Misinformation and lack of understanding about the costs and benefits of biofuels hinder market growth in many states. The industry requires strong leadership to bring stakeholders together, provide critical information about costs, and facilitate large-scale deployment throughout a state. Creating a state-based biofuel association would help cultivate strong leadership, educate policymakers, foster strategic public-private relationships, and identify opportunities for growth. State policymakers could look to Iowa and Nebraska for examples of effective biofuel state associations.
The Iowa Renewable Fuels Association (IRFA) has successfully overcome the information barrier in Iowa. IRFA’s mission is to “foster the development and growth of the state’s renewable fuels industry through education, promotion, and infrastructure development.” Although the organization is funded by membership fees, its extensive online resources are available to the public. Relevant resources are provided for producers, retailers, and current or potential consumers. By sharing information with all stakeholders, IRFA contributes to a well-integrated economy with a high level of demand and supply. With more than 3 billion gallons produced in 2015, Iowa leads the nation in ethanol production. Nebraska—ranked second in the country in ethanol production—has created a similar one-stop shop for information on biofuels. The Nebraska Renewable Energy Association (NeREA) provides startup process overviews, state regulatory and tax information, and a biodiesel feasibility study calculator.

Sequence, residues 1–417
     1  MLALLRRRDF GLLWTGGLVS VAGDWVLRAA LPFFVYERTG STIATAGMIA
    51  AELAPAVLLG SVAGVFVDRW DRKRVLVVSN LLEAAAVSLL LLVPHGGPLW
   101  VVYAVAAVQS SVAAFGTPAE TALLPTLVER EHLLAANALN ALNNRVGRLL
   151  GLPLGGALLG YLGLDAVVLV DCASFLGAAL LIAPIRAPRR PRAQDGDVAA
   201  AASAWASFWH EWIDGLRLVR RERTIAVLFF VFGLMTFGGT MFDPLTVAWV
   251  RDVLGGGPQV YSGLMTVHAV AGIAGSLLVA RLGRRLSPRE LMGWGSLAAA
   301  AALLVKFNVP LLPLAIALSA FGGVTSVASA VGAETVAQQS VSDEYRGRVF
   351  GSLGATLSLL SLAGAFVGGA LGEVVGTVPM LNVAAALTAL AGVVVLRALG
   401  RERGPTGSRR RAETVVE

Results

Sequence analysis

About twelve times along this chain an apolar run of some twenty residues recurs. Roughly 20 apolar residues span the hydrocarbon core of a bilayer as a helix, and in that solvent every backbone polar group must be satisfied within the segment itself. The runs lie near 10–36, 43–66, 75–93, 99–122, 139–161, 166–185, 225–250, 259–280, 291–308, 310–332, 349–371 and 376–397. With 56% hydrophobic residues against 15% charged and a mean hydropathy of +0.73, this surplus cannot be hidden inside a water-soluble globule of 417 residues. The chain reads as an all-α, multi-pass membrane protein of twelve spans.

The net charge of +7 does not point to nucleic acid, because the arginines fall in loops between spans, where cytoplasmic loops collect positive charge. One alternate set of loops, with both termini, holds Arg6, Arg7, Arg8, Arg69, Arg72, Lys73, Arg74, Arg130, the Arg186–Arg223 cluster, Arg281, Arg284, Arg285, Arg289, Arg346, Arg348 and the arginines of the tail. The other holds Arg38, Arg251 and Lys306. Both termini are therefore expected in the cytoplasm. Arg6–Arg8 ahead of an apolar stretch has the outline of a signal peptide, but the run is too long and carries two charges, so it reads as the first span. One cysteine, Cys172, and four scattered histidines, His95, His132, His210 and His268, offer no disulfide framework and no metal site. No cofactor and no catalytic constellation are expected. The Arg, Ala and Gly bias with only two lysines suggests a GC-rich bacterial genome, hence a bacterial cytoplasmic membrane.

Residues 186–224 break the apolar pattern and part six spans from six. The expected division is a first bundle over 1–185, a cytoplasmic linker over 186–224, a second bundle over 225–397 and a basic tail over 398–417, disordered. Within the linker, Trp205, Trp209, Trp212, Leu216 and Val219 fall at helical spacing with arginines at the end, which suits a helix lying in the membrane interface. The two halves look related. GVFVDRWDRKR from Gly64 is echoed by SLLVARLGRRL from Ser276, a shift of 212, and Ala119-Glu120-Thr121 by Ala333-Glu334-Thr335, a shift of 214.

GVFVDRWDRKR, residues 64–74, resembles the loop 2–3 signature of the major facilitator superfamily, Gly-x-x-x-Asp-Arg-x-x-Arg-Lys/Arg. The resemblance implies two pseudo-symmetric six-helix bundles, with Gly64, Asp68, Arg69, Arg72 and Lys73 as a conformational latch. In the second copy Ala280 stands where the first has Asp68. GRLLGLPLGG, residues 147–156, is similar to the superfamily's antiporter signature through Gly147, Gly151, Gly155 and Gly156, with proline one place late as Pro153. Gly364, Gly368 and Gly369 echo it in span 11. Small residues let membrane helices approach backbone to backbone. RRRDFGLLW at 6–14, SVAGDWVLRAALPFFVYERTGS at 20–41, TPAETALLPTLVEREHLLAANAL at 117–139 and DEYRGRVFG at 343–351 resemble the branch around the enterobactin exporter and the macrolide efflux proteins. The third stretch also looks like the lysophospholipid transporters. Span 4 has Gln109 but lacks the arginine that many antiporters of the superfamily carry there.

A dedicated biofuels association could stimulate the state’s biofuel sector by helping businesses gain a more comprehensive understanding of the industry. The association could manage online resources, trainings, and conferences, which would inform interested parties about the potential of biofuels within the state and connect companies with other industry leaders.